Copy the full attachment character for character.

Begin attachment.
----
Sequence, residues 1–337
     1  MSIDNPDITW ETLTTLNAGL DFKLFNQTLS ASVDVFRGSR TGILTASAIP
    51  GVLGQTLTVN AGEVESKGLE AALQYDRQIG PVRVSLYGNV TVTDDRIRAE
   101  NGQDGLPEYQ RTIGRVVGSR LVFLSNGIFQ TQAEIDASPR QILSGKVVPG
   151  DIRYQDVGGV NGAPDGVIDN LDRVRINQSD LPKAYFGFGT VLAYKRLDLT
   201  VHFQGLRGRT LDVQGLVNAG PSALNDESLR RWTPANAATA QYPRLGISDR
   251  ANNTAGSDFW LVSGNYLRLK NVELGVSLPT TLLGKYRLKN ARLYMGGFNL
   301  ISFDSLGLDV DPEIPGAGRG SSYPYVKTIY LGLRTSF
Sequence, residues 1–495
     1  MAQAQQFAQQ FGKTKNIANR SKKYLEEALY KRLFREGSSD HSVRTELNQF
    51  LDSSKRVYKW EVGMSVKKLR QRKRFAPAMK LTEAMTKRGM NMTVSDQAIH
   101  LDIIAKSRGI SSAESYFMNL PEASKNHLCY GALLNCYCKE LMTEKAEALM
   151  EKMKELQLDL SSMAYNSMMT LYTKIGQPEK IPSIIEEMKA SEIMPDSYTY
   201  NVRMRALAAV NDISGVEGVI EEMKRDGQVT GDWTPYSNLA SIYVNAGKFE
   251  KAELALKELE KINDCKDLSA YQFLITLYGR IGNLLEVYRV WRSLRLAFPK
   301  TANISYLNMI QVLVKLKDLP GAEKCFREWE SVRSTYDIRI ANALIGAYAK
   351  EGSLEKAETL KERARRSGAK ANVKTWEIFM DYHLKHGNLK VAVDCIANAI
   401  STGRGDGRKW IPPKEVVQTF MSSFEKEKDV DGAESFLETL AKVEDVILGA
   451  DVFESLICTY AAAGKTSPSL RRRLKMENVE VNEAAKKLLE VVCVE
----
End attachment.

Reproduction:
Sequence, residues 1–337
     1  MSIDNPDITW ETLTTLNAGL DFKLFNQTLS ASVDVFRGSR TGILTASAIP
    51  GVLGQTLTVN AGEVESKGLE AALQYDRQIG PVRVSLYGNV TVTDDRIRAE
   101  NGQDGLPEYQ RTIGRVVGSR LVFLSNGIFQ TQAEIDASPR QILSGKVVPG
   151  DIRYQDVGGV NGAPDGVIDN LDRVRINQSD LPKAYFGFGT VLAYKRLDLT
   201  VHFQGLRGRT LDVQGLVNAG PSALNDESLR RWTPANAATA QYPRLGISDR
   251  ANNTAGSDFW LVSGNYLRLK NVELGVSLPT TLLGKYRLKN ARLYMGGFNL
   301  ISFDSLGLDV DPEIPGAGRG SSYPYVKTIY LGLRTSF
Sequence, residues 1–495
     1  MAQAQQFAQQ FGKTKNIANR SKKYLEEALY KRLFREGSSD HSVRTELNQF
    51  LDSSKRVYKW EVGMSVKKLR QRKRFAPAMK LTEAMTKRGM NMTVSDQAIH
   101  LDIIAKSRGI SSAESYFMNL PEASKNHLCY GALLNCYCKE LMTEKAEALM
   151  EKMKELQLDL SSMAYNSMMT LYTKIGQPEK IPSIIEEMKA SEIMPDSYTY
   201  NVRMRALAAV NDISGVEGVI EEMKRDGQVT GDWTPYSNLA SIYVNAGKFE
   251  KAELALKELE KINDCKDLSA YQFLITLYGR IGNLLEVYRV WRSLRLAFPK
   301  TANISYLNMI QVLVKLKDLP GAEKCFREWE SVRSTYDIRI ANALIGAYAK
   351  EGSLEKAETL KERARRSGAK ANVKTWEIFM DYHLKHGNLK VAVDCIANAI
   401  STGRGDGRKW IPPKEVVQTF MSSFEKEKDV DGAESFLETL AKVEDVILGA
   451  DVFESLICTY AAAGKTSPSL RRRLKMENVE VNEAAKKLLE VVCVE